Four Beautiful Delages

1937 Delage D6 70 Coach Panoramique by LeTourneur et Marchand

Offered by Artcurial | Paris, France | February 7, 2014

1937 Delage D6 70 Coach Panoramique by LeTourneur et Marchand

This sale is packed with amazing cars and I don’t have time to feature them all (why does Retromobile have to be so close to the Arizona auctions!?). I’m stacking today’s post with four beautiful Delage automobiles, starting with my favorite of the bunch.

The Delage D6 was in production (in several different iterations) from 1930 through 1954 (with a break for the war). The D6-70 was built for 1937 and 1938 only. It uses a 2.8-liter straight-six making 78 horsepower. The body is the remarkable Coach Panoramique style by LeTourneur & Marchand.

This is a very desirable, very usable car and it is expected to sell for between $135,000-$200,000. Click here for more info and here for more from Artcurial.

Update: Sold $101,342

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1936 Delage D6 70 Cabriolet Mylord by Figoni et Falaschi

Offered by Artcurial | Paris, France | February 7, 2014

1936 Delage D6 70 Cabriolet Mylord by Figoni et Falaschi

Here’s another D6-70 that was built toward the end of 1936 and first registered in August of 1936. It uses the standard 2.8-liter straight-six making 78 horsepower. This was the top-of-the-line six-cylinder Delage you could buy – although any car bodied by Figoni et Falaschi could be considered pretty top-of-the-line.

The “Cabriolet Mylord” bodystyle is pretty and very regal-looking. The top can either be all the way down, all the way up, or sort of halfway in between where only the back seats are covered and it creates sort of a parachute effect. At any rate, this is a beautiful car that should bring between $250,000-$325,000. Click here for more info and here for more from this sale.

Update: Not sold.

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1933 Delage D8 S Cabriolet by Pourtout

Offered by Artcurial | Paris, France | February 7, 2014

1933 Delage D8 S Cabriolet by Pourtout

The Delage D8 was the biggest car Delage built. It also had the biggest engine. The D8 S had an even bigger engine than the standard D8. Only 145 examples of the D8 S were constructed. It uses a 4.0-liter (or 4.1… it was 4,061cc) straight-eight making 120 horsepower.

This car is original and preserved. The Cabriolet bodystyle is by legendary French coachbuilder Marcel Pourtout. One design aspect I really like are the 1920s/1930s-style body-colored Rudge wheels. This is one of stars of the show and a really beautiful automobile that evokes the period brilliantly. It should sell for between $1,360,000-$1,630,000. Click here for more info and here for more from this sale.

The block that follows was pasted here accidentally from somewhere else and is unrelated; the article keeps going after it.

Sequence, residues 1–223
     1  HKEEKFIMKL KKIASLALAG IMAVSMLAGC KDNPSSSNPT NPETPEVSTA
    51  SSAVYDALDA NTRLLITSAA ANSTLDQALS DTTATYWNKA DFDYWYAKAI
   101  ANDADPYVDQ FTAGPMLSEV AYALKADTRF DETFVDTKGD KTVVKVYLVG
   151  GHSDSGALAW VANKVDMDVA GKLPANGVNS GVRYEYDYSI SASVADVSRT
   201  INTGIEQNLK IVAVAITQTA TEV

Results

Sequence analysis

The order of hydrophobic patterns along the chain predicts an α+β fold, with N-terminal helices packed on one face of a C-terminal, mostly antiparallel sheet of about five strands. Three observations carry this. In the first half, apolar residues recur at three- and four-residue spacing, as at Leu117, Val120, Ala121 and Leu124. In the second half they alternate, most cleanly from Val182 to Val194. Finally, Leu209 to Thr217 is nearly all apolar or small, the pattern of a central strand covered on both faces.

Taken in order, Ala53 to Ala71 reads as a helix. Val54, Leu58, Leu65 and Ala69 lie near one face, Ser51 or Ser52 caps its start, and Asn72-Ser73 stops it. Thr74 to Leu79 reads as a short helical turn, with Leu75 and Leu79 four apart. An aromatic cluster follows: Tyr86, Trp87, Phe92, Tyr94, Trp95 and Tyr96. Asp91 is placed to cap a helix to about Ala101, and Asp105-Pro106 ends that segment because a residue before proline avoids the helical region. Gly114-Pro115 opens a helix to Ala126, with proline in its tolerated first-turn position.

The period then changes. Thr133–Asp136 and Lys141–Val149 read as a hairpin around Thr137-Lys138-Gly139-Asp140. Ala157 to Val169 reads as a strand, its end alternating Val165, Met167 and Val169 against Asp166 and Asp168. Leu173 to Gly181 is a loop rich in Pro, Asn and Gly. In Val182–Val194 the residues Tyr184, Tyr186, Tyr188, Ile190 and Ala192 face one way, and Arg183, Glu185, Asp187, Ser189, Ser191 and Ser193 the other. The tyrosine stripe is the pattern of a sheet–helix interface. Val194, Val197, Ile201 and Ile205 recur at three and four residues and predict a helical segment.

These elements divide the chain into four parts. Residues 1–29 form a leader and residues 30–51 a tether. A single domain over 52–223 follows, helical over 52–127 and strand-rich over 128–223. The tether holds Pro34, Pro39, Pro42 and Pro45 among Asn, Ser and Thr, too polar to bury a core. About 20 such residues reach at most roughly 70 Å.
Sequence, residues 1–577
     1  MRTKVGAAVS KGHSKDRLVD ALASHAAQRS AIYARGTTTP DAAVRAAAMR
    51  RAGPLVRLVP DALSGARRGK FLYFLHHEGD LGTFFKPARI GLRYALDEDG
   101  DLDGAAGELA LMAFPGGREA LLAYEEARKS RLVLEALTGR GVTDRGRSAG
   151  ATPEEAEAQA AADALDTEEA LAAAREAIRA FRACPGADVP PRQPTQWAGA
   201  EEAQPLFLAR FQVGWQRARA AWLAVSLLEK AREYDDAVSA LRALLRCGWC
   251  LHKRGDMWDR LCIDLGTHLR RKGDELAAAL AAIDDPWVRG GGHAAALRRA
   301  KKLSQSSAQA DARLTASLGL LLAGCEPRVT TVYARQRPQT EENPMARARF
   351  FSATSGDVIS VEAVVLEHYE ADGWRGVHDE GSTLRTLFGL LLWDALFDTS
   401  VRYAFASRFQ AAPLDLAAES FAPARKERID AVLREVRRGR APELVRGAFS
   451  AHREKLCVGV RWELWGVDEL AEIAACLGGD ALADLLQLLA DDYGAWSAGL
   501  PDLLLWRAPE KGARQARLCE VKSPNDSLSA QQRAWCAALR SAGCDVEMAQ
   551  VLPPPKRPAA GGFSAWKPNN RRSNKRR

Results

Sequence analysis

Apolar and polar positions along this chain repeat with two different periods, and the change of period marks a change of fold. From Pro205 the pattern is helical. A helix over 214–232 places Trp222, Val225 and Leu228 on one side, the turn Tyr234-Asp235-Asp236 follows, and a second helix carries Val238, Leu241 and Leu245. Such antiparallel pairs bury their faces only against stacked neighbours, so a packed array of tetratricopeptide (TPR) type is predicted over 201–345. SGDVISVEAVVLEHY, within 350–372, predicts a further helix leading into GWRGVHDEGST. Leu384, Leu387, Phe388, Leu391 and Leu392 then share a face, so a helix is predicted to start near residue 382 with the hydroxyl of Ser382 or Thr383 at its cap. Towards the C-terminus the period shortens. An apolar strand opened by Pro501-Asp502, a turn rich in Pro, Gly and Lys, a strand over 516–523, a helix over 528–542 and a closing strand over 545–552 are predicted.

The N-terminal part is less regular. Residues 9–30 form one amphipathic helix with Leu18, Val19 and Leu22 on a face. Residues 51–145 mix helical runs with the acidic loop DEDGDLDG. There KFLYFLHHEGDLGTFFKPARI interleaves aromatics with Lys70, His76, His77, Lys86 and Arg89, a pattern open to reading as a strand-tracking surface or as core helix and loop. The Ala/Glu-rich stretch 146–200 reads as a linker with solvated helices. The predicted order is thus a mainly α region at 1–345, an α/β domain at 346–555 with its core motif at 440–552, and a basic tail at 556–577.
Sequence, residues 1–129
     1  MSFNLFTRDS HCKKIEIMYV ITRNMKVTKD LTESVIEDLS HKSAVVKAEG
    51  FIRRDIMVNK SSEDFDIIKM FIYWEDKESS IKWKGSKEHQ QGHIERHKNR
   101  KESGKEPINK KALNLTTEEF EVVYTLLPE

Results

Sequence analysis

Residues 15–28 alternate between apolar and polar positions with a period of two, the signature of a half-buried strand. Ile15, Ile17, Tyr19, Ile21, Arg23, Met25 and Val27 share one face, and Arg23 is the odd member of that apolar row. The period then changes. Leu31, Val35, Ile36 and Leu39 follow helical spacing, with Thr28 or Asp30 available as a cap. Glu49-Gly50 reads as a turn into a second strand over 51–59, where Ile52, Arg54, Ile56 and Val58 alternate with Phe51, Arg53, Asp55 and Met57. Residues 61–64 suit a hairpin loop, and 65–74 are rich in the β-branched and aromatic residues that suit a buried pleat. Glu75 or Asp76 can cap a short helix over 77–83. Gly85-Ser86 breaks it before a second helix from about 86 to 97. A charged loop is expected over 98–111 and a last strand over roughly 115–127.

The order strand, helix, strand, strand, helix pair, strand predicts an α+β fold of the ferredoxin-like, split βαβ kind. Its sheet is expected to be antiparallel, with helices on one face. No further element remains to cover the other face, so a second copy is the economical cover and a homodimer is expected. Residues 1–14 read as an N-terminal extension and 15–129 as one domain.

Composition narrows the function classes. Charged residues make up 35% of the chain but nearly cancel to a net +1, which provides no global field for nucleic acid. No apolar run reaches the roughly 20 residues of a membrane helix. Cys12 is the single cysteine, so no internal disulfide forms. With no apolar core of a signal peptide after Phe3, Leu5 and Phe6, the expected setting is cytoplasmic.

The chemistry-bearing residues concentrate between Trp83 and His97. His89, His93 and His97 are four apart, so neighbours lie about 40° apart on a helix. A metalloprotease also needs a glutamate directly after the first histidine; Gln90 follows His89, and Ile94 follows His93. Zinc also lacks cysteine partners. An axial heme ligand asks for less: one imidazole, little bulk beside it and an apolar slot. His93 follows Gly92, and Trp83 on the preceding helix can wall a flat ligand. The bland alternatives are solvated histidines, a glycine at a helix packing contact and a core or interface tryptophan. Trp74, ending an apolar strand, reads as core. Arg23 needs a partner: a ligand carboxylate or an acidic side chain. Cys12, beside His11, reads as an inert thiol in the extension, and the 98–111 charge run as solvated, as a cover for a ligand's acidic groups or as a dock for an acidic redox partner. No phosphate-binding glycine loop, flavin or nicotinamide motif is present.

Update: Sold $1,281,647

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1931 Delage D8 Roadster by Chapron

Offered by Artcurial | Paris, France | February 7, 2014

1931 Delage D8 Roadster by Chapron

The Delage D8 was introduced in 1929 and this 1931 model uses the 4.1-liter straight-eight, in this case making 102 horsepower. The body is by Henri Chapron and I would describe it as “restrained elegance.” It’s not flashy – but it is also earlier than the other three cars in this post. Dramatic design really flared up the farther they got into the 1930s.

This car was restored in the 1960s and has been maintained since. It would be a relatively inexpensive way to get behind the wheel of a Delage D8 – it’s expected to sell for between $550,000-$675,000. Click here for more info and here for more from Artcurial.

Update: Sold $438,318.

1937 Oliver 70

1937 Oliver 70

All tractors offered by Mecum | Walworth, Wisconsin | August 8-10, 2013

1937 Oliver 70

Photo – Mecum

Like many tractor manufacturers, Oliver was formed by the result of a merger. In their case, it was four companies that came together in 1929 to make Oliver a reality. In 1960, they were bought by the White Motor Company who discontinued the brand in 1974.

Engine: 3.3-liter straight-six. 27 horsepower.

Production: unknown.

Produced: 1935-1948.

Update: Sold $3,200.

10 Cool Tractors

Gone Farmin’

All tractors offered by Mecum | Walworth, Wisconsin | August 8-10, 2013

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1948 McCormick-Deering W-4

1948 McCormick-Deering W-4

Last week, Mecum held their annual tractor sale. Tractor collectors are serious and the market for them is strong. They are finally getting the respect in the collector vehicle world that they deserve. That said, I’m not an expert on tractors – I know very little about them. I thought I’d pull 10 tractors out of their catalog to feature just as something cool and different. I picked ones that I thought were rare and/or interesting. I’ll give you some specs, but won’t go into too much detail.